Our time in the iconic city of Istanbul was limited to two days. We were on a cruise of the Mediterranean and the adventure was like speed dating with the great capitals of classicism. At the end of the first day, just before its gates closed shut for the day, we scurried into the massive Topkapi Palace complex.
We would have had more time, but we first had to fend off dozens of rug merchants along the way, each attempting to lure us in with mint tea and the promise of a great deal. Finally we paid the admission fees and slinked away into the gardens and courtyards of Topkapi. All at once the frenzy of the city was forgotten, we had stepped into paradise.
Topkapi served as the capital of the Ottoman Empire and home to its Sultans for more than four centuries. Vestiges of this Imperial past can be seen throughout the complex from ornate doors to relics in the museum belonging to the Prophet Mohammad.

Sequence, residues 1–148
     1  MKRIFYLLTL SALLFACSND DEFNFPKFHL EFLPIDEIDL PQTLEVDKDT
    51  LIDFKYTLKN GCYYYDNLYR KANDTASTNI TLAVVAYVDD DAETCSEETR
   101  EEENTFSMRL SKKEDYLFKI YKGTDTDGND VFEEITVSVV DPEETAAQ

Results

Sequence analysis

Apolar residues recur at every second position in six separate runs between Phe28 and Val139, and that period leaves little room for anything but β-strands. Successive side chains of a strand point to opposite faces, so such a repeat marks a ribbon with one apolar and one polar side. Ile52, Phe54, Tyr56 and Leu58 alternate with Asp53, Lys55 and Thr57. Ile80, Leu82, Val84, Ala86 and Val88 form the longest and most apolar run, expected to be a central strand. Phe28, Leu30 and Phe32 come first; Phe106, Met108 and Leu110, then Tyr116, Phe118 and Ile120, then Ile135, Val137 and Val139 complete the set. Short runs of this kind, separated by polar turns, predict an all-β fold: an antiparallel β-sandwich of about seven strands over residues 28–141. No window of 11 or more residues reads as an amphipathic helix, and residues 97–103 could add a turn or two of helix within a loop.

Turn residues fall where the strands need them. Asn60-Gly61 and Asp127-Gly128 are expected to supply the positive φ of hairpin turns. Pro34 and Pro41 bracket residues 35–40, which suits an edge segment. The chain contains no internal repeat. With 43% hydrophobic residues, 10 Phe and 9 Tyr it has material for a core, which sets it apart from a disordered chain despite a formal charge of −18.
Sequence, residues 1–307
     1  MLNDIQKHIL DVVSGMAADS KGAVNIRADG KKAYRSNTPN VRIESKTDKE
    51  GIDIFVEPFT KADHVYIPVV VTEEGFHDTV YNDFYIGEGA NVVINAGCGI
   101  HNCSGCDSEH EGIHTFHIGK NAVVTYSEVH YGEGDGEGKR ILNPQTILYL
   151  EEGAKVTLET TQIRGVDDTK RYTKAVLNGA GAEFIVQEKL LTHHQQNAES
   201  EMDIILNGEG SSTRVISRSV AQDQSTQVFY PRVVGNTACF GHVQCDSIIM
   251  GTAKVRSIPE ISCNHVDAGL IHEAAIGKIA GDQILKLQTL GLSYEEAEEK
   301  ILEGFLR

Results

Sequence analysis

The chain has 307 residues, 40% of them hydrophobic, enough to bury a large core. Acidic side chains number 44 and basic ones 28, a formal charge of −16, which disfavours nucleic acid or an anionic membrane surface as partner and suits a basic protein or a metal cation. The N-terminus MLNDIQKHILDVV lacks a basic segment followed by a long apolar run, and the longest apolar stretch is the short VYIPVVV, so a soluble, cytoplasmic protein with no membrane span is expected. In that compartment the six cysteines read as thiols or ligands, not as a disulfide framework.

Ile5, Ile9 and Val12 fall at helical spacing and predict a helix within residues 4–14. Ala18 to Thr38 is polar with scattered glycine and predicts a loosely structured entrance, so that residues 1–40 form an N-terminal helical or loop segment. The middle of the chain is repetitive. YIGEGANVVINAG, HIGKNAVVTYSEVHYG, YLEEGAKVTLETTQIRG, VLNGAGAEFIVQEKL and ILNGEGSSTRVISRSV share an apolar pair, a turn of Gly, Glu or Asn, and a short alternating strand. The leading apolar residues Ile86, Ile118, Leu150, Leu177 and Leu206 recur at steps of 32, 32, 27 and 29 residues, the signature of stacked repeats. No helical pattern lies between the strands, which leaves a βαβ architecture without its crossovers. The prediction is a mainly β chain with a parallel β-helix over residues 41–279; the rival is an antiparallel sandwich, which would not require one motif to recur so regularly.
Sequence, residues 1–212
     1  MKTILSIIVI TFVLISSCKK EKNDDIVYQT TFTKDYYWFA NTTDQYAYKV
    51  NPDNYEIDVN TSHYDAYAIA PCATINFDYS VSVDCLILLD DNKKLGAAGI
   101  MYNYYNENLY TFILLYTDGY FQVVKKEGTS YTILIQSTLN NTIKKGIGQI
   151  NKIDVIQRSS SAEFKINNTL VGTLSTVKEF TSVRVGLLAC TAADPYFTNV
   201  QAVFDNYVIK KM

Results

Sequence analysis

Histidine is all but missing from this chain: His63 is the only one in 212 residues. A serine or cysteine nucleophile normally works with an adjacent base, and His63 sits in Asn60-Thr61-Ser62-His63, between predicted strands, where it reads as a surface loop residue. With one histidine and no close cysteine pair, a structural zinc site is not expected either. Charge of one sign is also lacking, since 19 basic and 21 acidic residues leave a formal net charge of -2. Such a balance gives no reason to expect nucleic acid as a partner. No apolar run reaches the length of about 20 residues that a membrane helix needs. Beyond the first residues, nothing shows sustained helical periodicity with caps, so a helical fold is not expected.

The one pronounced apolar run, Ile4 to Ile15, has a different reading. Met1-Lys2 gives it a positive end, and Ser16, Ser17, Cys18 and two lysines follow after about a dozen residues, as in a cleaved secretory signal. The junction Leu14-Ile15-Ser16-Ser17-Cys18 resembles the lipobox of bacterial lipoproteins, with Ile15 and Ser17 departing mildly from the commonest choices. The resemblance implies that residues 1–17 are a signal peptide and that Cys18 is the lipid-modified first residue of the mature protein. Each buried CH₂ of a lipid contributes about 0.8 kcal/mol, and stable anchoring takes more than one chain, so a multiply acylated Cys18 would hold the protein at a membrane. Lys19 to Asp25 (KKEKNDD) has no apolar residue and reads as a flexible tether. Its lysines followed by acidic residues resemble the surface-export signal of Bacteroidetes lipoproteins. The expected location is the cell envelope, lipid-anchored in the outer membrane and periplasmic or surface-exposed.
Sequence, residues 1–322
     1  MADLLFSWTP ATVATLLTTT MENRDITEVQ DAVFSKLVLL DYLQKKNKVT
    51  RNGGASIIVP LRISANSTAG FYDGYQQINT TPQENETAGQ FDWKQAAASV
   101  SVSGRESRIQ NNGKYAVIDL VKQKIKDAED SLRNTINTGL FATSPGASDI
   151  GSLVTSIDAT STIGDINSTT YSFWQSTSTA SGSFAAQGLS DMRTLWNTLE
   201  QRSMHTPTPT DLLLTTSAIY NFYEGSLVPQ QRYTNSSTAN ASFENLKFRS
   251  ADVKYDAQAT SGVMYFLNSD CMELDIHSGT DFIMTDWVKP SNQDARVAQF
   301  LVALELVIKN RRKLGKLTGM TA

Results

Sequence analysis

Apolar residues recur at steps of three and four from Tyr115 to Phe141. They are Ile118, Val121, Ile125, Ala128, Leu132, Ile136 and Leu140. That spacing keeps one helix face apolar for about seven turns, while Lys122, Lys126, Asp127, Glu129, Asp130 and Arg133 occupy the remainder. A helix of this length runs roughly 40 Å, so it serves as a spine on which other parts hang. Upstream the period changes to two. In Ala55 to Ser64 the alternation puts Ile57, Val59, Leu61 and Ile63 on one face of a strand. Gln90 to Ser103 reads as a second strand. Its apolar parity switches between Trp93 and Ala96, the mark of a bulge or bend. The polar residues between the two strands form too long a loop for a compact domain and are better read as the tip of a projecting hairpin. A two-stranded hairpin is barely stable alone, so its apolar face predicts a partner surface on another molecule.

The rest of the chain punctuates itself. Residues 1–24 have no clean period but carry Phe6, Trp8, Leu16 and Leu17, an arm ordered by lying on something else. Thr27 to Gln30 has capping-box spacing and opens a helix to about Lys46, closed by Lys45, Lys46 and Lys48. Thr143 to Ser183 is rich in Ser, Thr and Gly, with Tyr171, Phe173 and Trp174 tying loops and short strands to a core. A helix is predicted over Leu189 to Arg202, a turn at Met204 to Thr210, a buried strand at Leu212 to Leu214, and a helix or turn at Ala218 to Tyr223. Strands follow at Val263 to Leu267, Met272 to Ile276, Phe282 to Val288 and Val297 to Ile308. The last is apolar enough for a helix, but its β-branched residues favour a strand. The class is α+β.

Since it was nearly closing time, we rushed about the Palace, glancing through Treasuries and small Museums, more interested in the intricate design and architecture than anything else. My moment of Zen was standing in a patio overlooking the Bosporus. It was gorgeous, gazing out across the intersection of continents and cultures and imagining the people who stood there before me. Throughout Istanbul, but especially at Topkapi, the city’s rich history is palpable.
Prompted by the crowds strolling to the gates like lemmings, we left with hesitation, not wanting to leave the calm, peaceful world of the palace complex behind. It may have been at that moment when I fell in love with this great quirky city.